Friday, December 6, 2013
Three vehicles destroyed in afternoon car accident
Three vehicles were destroyed Sunday in a crash at Main Street and Libby Avenue, and two people were transported to local hospitals.
Gorham police Sgt. Michael Nault said a 2004 Dodge Durango operated by 42-year-old Ronnie Willey of Gorham failed to yield when it entered the intersection. A 1998 Jeep Grand Cherokee driven by Garrett Beesley, 20, of Gorham "broadsided" Willey's vehicle, causing it to roll over.
Willey's Dodge Durango kept rolling and landed on the hood of a third vehicle, a 2007 Nissan Sentra operated by Nikki Sproul, 31, of South Portland.
Nault said seat belts and properly installed child safety seats prevented serious injuries. Two people had to be transported with injuries that were not life-threatening.
Wegman chosen to speak at university commencement
The University of Maine at Farmington says acclaimed photographer, filmmaker and artist William Wegman will be the main speaker at its commencement next month.
Wegman is best known for his whimsical photographs of his beloved Weimaraners in various costumes and poses, but he's also created photographs, videos, paintings, drawings and writings throughout his career. He spent summers for more than three decades in the Rangeley region of western Maine.
The school says Wegman will also be awarded an honorary doctorate degree at the May 18 ceremonies.
Police issue more than 5,000 seat belt citations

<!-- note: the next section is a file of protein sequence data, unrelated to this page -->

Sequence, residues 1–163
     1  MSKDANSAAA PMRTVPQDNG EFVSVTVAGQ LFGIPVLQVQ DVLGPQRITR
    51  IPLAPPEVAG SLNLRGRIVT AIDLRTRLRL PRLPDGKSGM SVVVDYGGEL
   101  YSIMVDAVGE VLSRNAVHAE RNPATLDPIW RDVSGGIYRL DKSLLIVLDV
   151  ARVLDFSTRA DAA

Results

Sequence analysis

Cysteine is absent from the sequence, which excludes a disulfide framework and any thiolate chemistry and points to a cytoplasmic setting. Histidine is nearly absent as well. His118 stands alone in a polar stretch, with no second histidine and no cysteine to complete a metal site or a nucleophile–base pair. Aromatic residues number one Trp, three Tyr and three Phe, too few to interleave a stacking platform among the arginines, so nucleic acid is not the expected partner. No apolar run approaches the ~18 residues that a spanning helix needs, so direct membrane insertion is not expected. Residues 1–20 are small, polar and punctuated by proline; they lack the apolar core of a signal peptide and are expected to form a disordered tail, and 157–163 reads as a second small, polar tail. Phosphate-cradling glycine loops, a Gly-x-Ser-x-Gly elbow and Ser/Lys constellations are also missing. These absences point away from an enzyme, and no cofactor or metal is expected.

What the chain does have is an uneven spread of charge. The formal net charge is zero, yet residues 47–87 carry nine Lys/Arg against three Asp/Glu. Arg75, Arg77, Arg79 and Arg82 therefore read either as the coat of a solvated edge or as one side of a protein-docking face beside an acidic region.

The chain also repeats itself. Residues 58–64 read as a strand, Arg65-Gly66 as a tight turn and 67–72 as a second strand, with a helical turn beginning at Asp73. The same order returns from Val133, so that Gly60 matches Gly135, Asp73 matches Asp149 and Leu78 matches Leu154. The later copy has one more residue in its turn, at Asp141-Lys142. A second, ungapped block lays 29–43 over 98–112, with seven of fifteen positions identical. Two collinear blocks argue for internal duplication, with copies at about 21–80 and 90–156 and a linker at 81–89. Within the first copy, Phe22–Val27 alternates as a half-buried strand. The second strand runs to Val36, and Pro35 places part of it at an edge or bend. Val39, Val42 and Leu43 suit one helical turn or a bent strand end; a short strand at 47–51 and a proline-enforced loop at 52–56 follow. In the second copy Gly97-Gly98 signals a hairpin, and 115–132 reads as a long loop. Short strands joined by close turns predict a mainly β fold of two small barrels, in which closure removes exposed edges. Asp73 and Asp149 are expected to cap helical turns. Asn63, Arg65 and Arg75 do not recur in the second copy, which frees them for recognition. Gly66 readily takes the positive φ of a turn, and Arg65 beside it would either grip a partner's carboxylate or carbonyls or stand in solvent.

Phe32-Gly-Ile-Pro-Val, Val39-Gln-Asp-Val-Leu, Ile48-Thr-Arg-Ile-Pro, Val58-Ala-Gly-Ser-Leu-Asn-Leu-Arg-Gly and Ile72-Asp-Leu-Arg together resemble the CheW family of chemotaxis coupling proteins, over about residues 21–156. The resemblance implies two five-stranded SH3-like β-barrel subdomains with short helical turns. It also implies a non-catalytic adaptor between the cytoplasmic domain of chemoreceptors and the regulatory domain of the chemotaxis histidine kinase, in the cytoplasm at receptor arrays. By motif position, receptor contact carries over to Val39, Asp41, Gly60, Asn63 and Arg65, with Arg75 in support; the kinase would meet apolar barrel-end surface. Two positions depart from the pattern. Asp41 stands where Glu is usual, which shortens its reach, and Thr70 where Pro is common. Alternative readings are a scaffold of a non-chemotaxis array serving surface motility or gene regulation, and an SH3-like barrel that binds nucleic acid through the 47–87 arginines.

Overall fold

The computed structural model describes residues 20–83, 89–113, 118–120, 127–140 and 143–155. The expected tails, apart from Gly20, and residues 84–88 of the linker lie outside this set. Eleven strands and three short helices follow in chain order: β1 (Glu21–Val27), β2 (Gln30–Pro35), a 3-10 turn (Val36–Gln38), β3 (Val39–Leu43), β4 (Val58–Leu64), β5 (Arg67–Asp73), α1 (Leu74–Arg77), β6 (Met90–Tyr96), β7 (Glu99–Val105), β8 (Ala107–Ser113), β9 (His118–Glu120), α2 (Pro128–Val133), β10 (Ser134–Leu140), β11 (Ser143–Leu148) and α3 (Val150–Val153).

The Maine State Police are cracking down on motorists who aren't buckling up. State police issued more than 5,000 seat belts summonses and warnings to motorists in the first three months of the year. The chief of the state police had asked troopers to make seat belts a priority, resulting in 2,478 summonses and 2,549 warnings being issued. During a similar effort last summer, troopers issued 769 summonses and 1,717 warnings.
People injured or killed on the job are remembered
Maine marked international Worker Memorial Day on Sunday by remembering those who have been hurt or killed and by committing to prevent workplace injuries.
Gov. Paul LePage said many of last year's 20 workplace deaths and thousands of injuries in Maine could have been prevented with reasonable precautions and safe practices on the job. LePage said events like the recent tragedy at the fertilizer factory in Texas are sobering reminders to employers and workers to not take safety for granted.
In 2012, Maine led New England states in the number of businesses and public entities certified as safe facilities under the Safety and Health Achievement Recognition Program.
The Bureau of Labor Standards has created a new database of worker injuries that's available on the Labor Department's website, www.maine.gov/labor/labor_stats/workinjuries.html.
-- From staff and news services